I should disclose my positive predisposition toward this book right away. First, I appreciate this piece of writing, not so much as a book to be read and savored but more as the core of a way of thinking and acting that, I think, helps make life better for vulnerable people. More than 30 years ago, I learned how to use a predecessor to Passing. That was PASS 3 (Program Analysis of Service Systems: A Method for the Quantitative Evaluation of Human Services) by Wolf Wolfensberger and Linda Glenn (1973). Since then, I've used PASS 3 regularly. I have planned and taught workshops, and I've taken part in a lot of assessments of human services and agencies. That experience is the foundation for my thinking and whatever action I take to support people with disabilities. Therefore, I am biased in favor of Passing, a close relative to PASS 3.
Second, there are reasons why people might avoid reading or engaging with Passing, or why they might get discouraged if they try to do so.
1. If one approaches it like one might approach other books, Passing is really hard to read. That is so, in part, because straight-through reading is not the intended best use of the book. The authors offer two devices to help readers keep their bearings as they make their way through. One device is a 6-page set of reading guidelines that include a checklist to sequence the reader's initial trip through Passing. The other assist is a 12-page glossary of terms. Passing's vocabulary is intentionally precise, but understanding often requires the clarification that the glossary makes available.
2. First-time readers may be put off by the (again) precise but initially curious titles to the “ratings,” which are, in a sense, the chapter headings in Passing. Following the reading guidelines is the first-time reader's best bet.
3. And, of course, people might avoid Passing because of misunderstandings about or disagreements with social role valorization. I argue that reading PASSING is likely to help clarify misunderstandings but that it might not do much about disagreements. Reading Passing is an unlikely path toward convincing a skeptic of the importance of social role valorization.
Purpose and Structure of
Passing's main purpose is made explicit in the book's subtitle: A Tool for Analyzing Service Quality According to Social Role Valorization Criteria. The authors mention two other purposes: (a) to enable the planning of new or redesigned services using social role valorization as a guide and (b) to serve as a major method for teaching social role valorization. The centrality of social role valorization as a criterion for quality represents another purpose behind this particular edition of Passing. Although the authors have stated that the previous (2nd) edition was imbued with social role valorization ideas, the governing terminology in the earlier edition remained that of normalization. The present edition removes that source of possible confusion.
Passing defines social role valorization as follows:
[A] theoretical framework that (a) posits a relationship between the social roles people occupy, and how these people are then perceived, evaluated, and treated; and (b) predicts how shaping the social roles of individuals, groups, or classes is likely to influence how perceivers of these roles respond to, and treat, the parties in these roles; and (c) provides a basis for designing a great many strategies for shaping people's roles. (p. 39)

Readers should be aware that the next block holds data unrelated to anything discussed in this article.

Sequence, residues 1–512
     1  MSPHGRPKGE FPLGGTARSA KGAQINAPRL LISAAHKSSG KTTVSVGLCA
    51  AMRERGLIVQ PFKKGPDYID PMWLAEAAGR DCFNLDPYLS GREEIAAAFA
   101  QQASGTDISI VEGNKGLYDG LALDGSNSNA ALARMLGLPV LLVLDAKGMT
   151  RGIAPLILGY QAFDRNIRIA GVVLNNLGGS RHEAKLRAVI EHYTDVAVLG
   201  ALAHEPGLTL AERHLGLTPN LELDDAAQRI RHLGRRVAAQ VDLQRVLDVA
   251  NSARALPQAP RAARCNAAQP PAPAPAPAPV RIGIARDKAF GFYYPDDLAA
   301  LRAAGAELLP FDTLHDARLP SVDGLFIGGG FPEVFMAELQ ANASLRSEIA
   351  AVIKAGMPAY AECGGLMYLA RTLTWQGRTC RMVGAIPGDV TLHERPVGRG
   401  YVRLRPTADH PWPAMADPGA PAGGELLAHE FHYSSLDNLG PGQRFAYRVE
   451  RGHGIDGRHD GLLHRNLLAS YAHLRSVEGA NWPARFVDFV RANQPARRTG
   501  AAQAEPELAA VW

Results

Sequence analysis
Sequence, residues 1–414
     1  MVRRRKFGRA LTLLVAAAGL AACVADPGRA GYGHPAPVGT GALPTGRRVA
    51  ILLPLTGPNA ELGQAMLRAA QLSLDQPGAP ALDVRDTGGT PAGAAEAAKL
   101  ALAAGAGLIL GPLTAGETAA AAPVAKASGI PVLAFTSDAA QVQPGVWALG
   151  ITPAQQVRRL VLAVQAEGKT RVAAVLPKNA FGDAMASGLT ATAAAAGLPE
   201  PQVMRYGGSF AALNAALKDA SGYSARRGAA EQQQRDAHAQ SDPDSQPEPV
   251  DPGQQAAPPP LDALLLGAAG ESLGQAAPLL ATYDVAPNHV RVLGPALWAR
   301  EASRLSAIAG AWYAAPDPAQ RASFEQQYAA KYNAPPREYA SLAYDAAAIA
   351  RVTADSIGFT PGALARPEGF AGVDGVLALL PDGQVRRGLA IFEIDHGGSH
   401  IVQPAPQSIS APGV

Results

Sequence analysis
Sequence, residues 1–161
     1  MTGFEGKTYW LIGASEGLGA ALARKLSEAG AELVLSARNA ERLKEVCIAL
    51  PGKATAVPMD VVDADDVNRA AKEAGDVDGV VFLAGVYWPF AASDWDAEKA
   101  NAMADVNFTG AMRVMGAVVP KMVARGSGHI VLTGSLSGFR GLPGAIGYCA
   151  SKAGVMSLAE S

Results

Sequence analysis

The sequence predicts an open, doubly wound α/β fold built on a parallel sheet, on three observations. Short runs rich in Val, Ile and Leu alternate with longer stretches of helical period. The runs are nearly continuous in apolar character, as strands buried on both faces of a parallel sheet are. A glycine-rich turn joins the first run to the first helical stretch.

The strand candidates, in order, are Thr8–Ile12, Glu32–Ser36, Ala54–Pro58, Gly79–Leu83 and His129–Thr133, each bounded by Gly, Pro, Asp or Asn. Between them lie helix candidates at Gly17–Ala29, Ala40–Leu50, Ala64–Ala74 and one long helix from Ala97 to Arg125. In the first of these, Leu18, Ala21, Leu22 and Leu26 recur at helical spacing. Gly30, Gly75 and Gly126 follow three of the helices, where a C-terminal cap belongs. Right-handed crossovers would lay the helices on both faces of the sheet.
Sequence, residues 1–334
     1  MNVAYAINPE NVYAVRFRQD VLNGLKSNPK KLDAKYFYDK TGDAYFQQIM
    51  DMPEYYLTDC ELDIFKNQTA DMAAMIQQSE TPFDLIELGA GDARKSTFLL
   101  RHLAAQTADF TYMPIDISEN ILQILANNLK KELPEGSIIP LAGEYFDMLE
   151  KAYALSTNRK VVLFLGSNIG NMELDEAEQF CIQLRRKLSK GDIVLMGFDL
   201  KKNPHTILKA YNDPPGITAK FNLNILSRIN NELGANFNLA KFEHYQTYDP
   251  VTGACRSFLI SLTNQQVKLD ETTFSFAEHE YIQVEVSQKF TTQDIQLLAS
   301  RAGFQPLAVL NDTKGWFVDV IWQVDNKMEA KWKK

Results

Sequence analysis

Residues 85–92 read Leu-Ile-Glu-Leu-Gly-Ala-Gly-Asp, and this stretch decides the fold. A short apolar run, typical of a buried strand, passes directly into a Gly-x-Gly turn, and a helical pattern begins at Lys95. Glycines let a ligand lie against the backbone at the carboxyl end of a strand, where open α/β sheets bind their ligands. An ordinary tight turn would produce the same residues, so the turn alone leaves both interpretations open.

Passing works best as a guide, especially for groups or teams of people, for observing, interpreting, understanding, judging, and, ultimately (it is hoped), improving services planned and delivered by one group of people (servers) for another (recipients). People use Passing well when they have spent time in explicit training and practice about its use, in multiday workshops conducted by very experienced teachers. Those workshops and the experiences of participants in them fulfill one of Passing's purposes. The training contributes to users' learning about the complexities and subtleties within social role valorization.
According to Passing, two avenues lead to the acquisition of valued social roles. A person takes on valued roles if (a) her “social image” is enhanced…if she is seen and continues to be seen positively by others and (b) she develops and demonstrates “personal competency” that is important to her and to others. Passing contains lengthy introductory and explanatory sections, but the main content consists of “ratings”—statements of important issues relative to service quality as it is seen through the lens of social role valorization. All of the 42 ratings in Passing connect either to social-image enhancement (27 ratings) or personal competency enhancement (15 ratings).
The structure of Passing, described above, reveals one of its major strengths. Sixty-four percent of the ratings focus on an assessed service's contribution (or lack thereof) to the enhancement of the social image of people who use the service. This heavy emphasis on image enhancement is not accidental. Passing contends that the attainment of valued social roles by people who are socially vulnerable is the key to getting the “good things of life” (p. 40). Whether the roles enacted by someone are regarded as valued depends a great deal on how the role enactor is perceived by other people. Passing asserts that such perceptions of people who use human services are influenced in major ways by (often unconscious) things that service agencies do or do not do. Passing serves as a tool to foster analysis, and correction when necessary, of service practices that bear on the social image of recipients.